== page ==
They continued on, past what might have been a playground, more or less in the center of town. An old metal swing creaked on its chain, blowing in the wind that now swept the desert sand and dust into town ahead of it. Roberto turned and squinted into the coming clouds. The sand ticked against the glass of his faceplate, and it was hard not to blink, though of course he didn’t need to.

Another thirty yards and they reached the other side of town. The front door to the biggest house was ajar, and Trini pushed it open the rest of the way, using the barrel of the Sig Sauer. Roberto gestured to Hero to wait on the porch, and he and Trini stepped inside, one after the other, in a practiced maneuver.

Hero waited in front, watching their movements through the open door and the dirty front window. They searched the place, room by room, Trini always in the lead, gun in hand. Roberto was the more thorough and perhaps the more cautious of the two, mov- ing carefully and steadily and never facing in the same direction for too long. Hero admired the grace and ease with which he moved, even in the cumbersome suit. But she also knew there was nothing to fear in there. Everything about Kiwirrkurra so far suggested a ghost town—she was sure of their result before Trini came out a few minutes later and announced it.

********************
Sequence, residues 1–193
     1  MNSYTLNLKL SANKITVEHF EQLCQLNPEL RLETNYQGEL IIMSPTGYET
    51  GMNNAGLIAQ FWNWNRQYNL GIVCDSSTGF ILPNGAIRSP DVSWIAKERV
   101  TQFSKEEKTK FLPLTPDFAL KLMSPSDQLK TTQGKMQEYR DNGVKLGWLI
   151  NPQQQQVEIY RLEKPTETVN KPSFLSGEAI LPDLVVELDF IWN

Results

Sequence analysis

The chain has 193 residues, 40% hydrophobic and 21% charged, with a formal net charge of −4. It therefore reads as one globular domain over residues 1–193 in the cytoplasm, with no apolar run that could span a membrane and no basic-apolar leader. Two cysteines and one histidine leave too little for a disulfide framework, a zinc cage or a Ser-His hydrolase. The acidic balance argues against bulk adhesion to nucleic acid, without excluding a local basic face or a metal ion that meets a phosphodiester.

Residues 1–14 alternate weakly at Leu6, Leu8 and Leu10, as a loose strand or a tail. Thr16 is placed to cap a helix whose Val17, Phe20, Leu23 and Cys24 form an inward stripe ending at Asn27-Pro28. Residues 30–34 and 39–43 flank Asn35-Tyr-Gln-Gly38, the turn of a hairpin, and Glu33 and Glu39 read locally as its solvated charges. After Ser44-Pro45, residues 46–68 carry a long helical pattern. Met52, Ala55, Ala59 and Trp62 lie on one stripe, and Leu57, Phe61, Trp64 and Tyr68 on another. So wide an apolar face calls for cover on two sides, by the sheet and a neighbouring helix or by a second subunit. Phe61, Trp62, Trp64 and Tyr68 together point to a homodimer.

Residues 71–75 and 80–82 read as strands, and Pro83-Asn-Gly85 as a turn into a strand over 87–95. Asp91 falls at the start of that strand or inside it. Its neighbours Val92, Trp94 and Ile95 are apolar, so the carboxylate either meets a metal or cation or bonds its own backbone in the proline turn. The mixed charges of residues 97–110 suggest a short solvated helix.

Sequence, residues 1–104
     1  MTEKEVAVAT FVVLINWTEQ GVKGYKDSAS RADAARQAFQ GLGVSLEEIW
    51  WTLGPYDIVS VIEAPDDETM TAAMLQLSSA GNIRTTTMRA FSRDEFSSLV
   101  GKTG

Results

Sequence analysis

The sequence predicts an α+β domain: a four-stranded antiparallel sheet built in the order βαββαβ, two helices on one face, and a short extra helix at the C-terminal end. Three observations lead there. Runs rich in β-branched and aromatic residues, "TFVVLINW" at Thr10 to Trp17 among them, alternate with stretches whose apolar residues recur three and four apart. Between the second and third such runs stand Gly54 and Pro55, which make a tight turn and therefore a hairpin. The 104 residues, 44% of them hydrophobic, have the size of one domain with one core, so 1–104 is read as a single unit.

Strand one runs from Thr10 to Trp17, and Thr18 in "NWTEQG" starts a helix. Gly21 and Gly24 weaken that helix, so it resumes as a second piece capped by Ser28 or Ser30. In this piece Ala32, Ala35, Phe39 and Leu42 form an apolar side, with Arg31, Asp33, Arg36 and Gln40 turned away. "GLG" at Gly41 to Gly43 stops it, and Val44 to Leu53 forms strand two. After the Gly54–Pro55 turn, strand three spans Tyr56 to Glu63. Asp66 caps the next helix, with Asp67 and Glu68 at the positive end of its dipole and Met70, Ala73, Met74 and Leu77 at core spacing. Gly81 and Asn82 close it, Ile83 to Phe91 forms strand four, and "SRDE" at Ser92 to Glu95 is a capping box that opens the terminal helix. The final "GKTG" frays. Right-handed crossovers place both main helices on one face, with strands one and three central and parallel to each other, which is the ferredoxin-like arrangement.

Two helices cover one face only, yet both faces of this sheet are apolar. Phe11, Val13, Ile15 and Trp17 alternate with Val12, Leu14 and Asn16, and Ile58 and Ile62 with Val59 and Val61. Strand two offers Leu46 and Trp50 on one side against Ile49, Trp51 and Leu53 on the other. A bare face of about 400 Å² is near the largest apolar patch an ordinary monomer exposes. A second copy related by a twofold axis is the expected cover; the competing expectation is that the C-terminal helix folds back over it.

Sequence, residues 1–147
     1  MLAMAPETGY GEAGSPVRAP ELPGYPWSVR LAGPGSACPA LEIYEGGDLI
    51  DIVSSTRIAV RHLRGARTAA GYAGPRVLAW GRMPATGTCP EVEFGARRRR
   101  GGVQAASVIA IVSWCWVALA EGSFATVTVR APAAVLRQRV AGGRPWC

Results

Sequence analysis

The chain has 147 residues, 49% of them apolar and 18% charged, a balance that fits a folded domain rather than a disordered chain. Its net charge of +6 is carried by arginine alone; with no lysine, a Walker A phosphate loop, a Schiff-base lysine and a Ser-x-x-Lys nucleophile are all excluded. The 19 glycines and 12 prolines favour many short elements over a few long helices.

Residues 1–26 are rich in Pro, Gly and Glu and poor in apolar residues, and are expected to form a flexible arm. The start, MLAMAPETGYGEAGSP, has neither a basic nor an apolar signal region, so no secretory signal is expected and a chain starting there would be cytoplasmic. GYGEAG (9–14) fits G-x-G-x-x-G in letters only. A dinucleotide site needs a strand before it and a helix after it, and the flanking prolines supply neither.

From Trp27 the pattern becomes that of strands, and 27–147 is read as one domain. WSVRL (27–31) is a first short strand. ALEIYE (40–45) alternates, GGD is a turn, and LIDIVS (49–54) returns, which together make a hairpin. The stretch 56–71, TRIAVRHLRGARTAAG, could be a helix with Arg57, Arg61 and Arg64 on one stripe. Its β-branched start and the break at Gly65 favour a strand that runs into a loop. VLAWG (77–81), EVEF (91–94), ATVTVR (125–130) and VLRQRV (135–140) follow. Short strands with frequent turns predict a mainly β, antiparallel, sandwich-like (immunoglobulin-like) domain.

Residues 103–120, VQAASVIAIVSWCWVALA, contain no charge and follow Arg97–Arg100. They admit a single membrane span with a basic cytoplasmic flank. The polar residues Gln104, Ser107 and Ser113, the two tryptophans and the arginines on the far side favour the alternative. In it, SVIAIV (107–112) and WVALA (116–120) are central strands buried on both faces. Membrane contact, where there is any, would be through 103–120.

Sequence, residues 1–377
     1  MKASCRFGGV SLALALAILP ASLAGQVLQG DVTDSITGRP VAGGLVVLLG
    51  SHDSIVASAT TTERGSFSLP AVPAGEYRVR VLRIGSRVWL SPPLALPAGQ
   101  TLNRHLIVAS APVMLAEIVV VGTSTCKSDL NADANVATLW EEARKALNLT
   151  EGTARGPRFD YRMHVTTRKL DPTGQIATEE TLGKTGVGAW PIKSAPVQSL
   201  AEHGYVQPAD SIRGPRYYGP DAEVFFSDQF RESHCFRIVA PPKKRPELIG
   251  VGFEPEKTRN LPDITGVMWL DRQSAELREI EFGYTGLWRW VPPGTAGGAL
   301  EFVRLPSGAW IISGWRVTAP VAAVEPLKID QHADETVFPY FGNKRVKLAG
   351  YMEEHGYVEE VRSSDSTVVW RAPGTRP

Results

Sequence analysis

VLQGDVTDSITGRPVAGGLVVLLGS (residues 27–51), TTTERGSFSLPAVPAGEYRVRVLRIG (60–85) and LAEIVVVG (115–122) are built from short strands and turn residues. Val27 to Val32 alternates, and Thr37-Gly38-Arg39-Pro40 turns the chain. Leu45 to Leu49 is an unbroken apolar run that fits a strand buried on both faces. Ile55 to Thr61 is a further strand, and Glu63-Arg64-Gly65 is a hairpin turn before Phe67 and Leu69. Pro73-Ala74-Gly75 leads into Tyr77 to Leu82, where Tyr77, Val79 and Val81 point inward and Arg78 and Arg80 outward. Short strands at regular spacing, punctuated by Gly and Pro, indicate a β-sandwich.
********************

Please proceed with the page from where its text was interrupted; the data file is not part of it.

“Fourteen houses, twelve vehicles, zero residents.”

Roberto put his hands on his hips, relaxing his guard a bit. “What the actual fuck?”

That was when Hero saw what they’d come for. There, at the far end of town, in front of one of the best kept of the very modest houses, was a silver metal tank, its finish recently polished to a bright and reflective shine.

“I don’t think that’s from here.”

They walked toward the tank, wary. The wind swirled harder, and the dust in the air billowed around the houses, rearing up in columns in front of them before dust-deviling back to the ground in a corkscrew and moving on. It was getting hard to see.

“Stop here.” Hero held a hand out when they were still ten feet from the tank. She scanned the ground around them as best she could in the billowing sand, then continued on, searching the ground carefully before she placed each step.

“Walk in my footsteps.”

They did, following her in single file, careful to place their feet directly onto her boot prints as they went.